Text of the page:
Remember, sacrificing for your spouse is pouring yourself out in order to fill-up her cup.
4) Fill Our Minds with Active Thoughts on Our Spouse
Paul continues the discussion and notes that if we are going to love our wives as Christ loved the church we must love them like we love ourselves. About eight months ago I took an assessment on how I viewed myself. As the counselor was going over my results, he looked up and said you think highly of yourself. (I kind of smiled and chuckled.) While it can be a strength to have a healthy self-esteem, the weakness can be that you think of yourself—your needs, wants, desires, and preferences—to the detriment of others, like your spouse. This is something I have had to really work on in my marriage.
I have a counselor who shared with me what he called, “Points of Attention,” to help me think about how I could actively think about Joannie.
“Points of Attention” are thoughts during the day when you cognitively think about your spouse.
For instance, when you go to the store, do you think of your wife’s favorite candy? Ice cream flavor? When you are browsing the clearance racks at Macy’s do you even think to go over and look for your wife? What about texting or calling your wife throughout the day just to let her know she is on your mind? What about putting your arm around her, or holding her hand in public, just so she knows you notice her and want to be seen with her? What about getting movie tickets, not to the latest Marvel Avenger’s movie or Peter Jackson flick, but to the latest genre of movie she’s likes?
How many “Points of Attention” do you have for your spouse in a given day, a given week?
Filling our mind with active, deliberate “Points of Attention” demonstrates that we love our spouse just as much as we love our self.
5) Remember our Marriage is a Covenant
At the very end of the passage, Paul states, “Therefore a man shall leave his father and mother and hold fast to his wife, and the two shall become one flesh. This mystery is profound, and I am saying that it refers to Christ and the church” (Eph 5:31–32). In short, Paul notes that Christ left (in obedience) the Father and became one with the Church through his death, resurrection, and ascension (and our faith in him).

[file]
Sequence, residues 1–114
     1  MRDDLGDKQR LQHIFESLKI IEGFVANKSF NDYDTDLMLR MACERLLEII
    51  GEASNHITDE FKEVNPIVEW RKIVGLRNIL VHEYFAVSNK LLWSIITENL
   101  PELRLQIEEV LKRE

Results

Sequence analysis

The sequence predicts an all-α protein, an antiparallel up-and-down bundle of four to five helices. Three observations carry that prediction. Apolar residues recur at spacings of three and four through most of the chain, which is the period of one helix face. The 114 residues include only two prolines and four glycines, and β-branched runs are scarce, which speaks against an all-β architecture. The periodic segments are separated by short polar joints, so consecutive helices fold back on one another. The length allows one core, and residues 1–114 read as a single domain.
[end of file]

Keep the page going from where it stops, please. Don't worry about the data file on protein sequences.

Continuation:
Here’s the beauty of entering into a covenant with Christ, when the Father looks at us—those who are in covenant relationship with Christ— he sees his beloved, righteous, and perfect Son in whom he was and is well-pleased. Our personhood is secure in the love and righteousness of Christ. We don’t have to worry about how the Father sees us. We don’t have to worry about Christ’s love towards us. We don’t have to worry if Christ is going to leave us, or if the Father is going to take away his love and affection for us, if we blow it. Our marriage to Christ is an unconditional, unwavering, unbreakable covenant. As a result, Christ actively clings and holds fast to us; thus, we should do likewise to him.
This covenantal relationship we have with Christ has great implications for our covenantal relationship with our spouse. We should actively cling to and hold fast to our spouse, which happens as we fulfill the above points. In doing so, not only do we remember the covenantal relationship we have and are in with our spouse, but also in doing so, our wives will be less likely to ever doubt whether or not we love them.
Regardless of the environmental situational storms we may face as husband and wife, if we actively cling to and hold fast to our wives, they will feel safe, secure, and stable in their relationship with us.
Happy Valentine’s Day to All! Men, may we love our wives as Christ has loved his Church! As a result, may we have healthy, holy, and happy marriages for the glory of God, for the good of our families, and for the good of the world!
Great article. Lots of practical advice. Point 2 really got my attention. During a heated discussion, when my wife has claimed I was against her, I have argued that I’m ‘on the side of what’s right’. This seems reasonable and just. Of course, it’s what I consider to be right, and I think I am right. But it obviously hurts her. How do we walk that line, as a family leader, between what we see as best and at the same time be sensitive to our wives?
That’s a great question! I would always ask: am I leading with love and grace? So in short, I think the balanced approach is striving to lead both in the right direction (truth) and the right way (grace and love).
Of course! Great answer. Why don’t I think that way when in the middle of conflict? I tend to view the grace part as pertaining to offering forgiveness only – after the fact. That obviously can and should be part of it, but I hear you saying it’s also as being loving in the conflict. The flesh fails me regularly.